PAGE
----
Russia reports pullout from small base in Syria

MOSCOW — Russia has evacuated all military personnel from its small naval base in Syria, Russian news organizations reported Wednesday.

The base, at Tartus on the Mediterranean, has been Russia’s only foothold in the Middle East. Although it is a minor facility, its importance has grown as Russia continues to support the regime of President Bashar al-Assad in its war against rebel forces.

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A 16-ship Russian naval task force in the eastern Mediterranean remains on post, reports said. Cyprus has made its ports available to the Russian fleet if needed.

Word that Russian forces had pulled out of Syria first came in an interview with Mikhail Bogdanov, the deputy foreign minister, published in the newspaper al-Hayat on Friday. Russian newspapers and agencies reported Wednesday that they had confirmed the evacuation with unnamed personnel in Russia’s military and Foreign Ministry.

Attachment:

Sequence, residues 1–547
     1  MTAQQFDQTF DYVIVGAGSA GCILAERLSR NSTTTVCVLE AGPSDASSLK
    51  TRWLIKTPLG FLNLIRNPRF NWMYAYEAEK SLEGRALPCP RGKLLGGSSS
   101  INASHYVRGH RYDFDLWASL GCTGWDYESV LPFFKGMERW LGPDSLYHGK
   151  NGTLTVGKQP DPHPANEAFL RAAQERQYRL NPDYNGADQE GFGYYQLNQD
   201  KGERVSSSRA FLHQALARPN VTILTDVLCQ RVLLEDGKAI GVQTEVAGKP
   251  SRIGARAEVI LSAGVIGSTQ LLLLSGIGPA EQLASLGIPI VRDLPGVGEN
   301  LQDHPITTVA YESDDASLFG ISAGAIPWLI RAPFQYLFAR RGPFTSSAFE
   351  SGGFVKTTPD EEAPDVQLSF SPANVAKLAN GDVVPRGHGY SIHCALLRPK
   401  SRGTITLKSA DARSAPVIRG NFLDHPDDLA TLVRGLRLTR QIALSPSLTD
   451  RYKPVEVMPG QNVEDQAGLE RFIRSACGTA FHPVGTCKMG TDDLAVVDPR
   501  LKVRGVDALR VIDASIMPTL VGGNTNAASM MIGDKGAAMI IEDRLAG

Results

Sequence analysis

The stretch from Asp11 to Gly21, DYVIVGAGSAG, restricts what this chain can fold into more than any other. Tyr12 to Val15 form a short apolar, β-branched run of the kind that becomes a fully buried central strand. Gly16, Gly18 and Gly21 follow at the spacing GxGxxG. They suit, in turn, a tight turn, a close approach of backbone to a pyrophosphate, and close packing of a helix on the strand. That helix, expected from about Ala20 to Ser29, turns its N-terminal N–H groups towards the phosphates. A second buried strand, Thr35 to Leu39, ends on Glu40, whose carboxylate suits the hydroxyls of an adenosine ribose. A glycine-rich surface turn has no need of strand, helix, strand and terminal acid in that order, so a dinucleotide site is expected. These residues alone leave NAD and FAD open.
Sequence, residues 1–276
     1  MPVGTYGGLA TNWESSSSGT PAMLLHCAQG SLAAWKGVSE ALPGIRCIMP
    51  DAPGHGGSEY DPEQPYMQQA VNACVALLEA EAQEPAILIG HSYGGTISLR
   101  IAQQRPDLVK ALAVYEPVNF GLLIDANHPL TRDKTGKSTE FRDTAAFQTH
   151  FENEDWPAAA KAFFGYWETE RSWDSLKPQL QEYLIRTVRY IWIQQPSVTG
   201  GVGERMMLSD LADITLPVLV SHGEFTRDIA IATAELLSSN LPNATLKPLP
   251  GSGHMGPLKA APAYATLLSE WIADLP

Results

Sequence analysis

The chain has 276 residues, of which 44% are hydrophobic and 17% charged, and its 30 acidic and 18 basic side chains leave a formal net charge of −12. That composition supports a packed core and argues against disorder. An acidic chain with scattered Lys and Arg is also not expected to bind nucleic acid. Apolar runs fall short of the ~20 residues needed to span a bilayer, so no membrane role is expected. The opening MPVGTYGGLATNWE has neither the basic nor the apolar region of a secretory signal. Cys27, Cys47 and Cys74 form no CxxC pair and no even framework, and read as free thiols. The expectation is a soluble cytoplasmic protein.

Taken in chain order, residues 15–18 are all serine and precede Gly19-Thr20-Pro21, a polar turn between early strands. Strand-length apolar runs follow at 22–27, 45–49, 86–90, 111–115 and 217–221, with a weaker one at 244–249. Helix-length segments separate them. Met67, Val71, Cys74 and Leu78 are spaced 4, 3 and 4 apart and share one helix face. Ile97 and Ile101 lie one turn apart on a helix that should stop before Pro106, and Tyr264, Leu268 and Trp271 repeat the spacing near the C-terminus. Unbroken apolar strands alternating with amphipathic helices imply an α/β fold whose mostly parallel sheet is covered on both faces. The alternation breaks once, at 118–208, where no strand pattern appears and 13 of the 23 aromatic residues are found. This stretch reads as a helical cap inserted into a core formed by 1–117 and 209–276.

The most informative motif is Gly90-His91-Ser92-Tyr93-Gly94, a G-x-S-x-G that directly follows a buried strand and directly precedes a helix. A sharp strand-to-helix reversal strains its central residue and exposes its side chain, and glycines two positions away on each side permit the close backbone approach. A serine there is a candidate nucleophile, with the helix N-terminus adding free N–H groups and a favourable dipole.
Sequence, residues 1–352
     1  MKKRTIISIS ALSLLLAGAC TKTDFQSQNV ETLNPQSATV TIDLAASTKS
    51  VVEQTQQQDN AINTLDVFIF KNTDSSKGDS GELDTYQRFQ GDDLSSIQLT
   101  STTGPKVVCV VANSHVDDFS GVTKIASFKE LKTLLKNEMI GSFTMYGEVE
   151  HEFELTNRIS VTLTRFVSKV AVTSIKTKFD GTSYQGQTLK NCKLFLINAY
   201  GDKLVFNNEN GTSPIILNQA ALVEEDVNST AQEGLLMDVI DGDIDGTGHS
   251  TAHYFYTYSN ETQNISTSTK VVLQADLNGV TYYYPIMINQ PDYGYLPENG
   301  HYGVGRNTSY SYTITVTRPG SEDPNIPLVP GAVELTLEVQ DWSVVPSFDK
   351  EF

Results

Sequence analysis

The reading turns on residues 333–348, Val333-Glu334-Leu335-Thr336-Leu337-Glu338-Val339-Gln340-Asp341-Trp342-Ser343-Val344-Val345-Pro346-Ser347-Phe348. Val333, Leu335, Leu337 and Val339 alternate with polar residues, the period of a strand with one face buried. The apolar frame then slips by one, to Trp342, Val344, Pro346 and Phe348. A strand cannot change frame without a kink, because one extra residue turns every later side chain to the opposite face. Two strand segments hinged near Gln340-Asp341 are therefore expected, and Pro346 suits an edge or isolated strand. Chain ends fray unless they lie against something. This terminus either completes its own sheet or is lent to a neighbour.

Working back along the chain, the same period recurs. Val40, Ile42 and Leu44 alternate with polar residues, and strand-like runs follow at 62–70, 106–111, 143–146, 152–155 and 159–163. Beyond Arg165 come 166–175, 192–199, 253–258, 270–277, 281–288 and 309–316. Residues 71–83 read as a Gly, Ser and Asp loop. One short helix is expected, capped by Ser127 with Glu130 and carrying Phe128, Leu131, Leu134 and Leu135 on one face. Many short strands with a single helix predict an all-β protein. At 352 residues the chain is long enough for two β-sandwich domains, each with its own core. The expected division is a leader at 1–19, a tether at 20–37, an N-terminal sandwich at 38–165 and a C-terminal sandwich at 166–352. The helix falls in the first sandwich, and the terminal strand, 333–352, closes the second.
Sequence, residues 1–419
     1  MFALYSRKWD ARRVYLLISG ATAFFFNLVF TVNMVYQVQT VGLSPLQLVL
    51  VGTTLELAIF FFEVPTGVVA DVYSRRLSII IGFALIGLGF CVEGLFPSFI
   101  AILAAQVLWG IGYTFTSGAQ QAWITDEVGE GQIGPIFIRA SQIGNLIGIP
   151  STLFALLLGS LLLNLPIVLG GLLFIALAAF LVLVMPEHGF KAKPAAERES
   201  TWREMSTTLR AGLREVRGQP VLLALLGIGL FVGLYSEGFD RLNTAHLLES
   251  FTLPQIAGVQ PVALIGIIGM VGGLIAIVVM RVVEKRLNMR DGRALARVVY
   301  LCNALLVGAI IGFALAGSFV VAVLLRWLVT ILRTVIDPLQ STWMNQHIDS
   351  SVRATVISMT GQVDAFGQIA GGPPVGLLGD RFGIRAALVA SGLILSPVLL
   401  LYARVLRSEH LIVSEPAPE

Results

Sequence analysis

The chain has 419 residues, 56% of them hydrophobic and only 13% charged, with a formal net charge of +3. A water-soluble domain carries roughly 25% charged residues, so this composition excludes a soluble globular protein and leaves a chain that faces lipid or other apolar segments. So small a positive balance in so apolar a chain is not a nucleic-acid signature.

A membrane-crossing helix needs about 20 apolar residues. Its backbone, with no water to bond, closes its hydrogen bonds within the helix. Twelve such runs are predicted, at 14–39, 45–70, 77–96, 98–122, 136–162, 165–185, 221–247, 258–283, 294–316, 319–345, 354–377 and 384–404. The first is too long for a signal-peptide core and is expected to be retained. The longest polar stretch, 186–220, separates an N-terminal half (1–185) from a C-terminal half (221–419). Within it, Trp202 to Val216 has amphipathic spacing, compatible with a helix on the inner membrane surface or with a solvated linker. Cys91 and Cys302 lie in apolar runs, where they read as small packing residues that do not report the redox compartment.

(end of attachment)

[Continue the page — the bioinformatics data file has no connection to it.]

“We have neither servicemen nor civilians in Syria anymore,” the newspaper Vedomosti reported, quoting an unnamed Defense Ministry employee. “Or Russian military instructors assigned to units of the Syrian regular army, for that matter.”

Russia’s withdrawal of troops comes even though the port city of Tartus — a government stronghold and home to a large community of Alawites, members of the Shiite-affiliated sect to which Assad belongs — has remained relatively unscathed by the violence that has convulsed Syria’s other major cities.

The regime has tightened its grip on the area as Assad’s forces push to secure territory that connects government-held coastal areas with the capital, Damascus. The rebel-held town of Tal Kalakh, about 15 miles southeast of Tartus, fell under complete government control Tuesday, according to the Britain-based Syrian Observatory for Human Rights.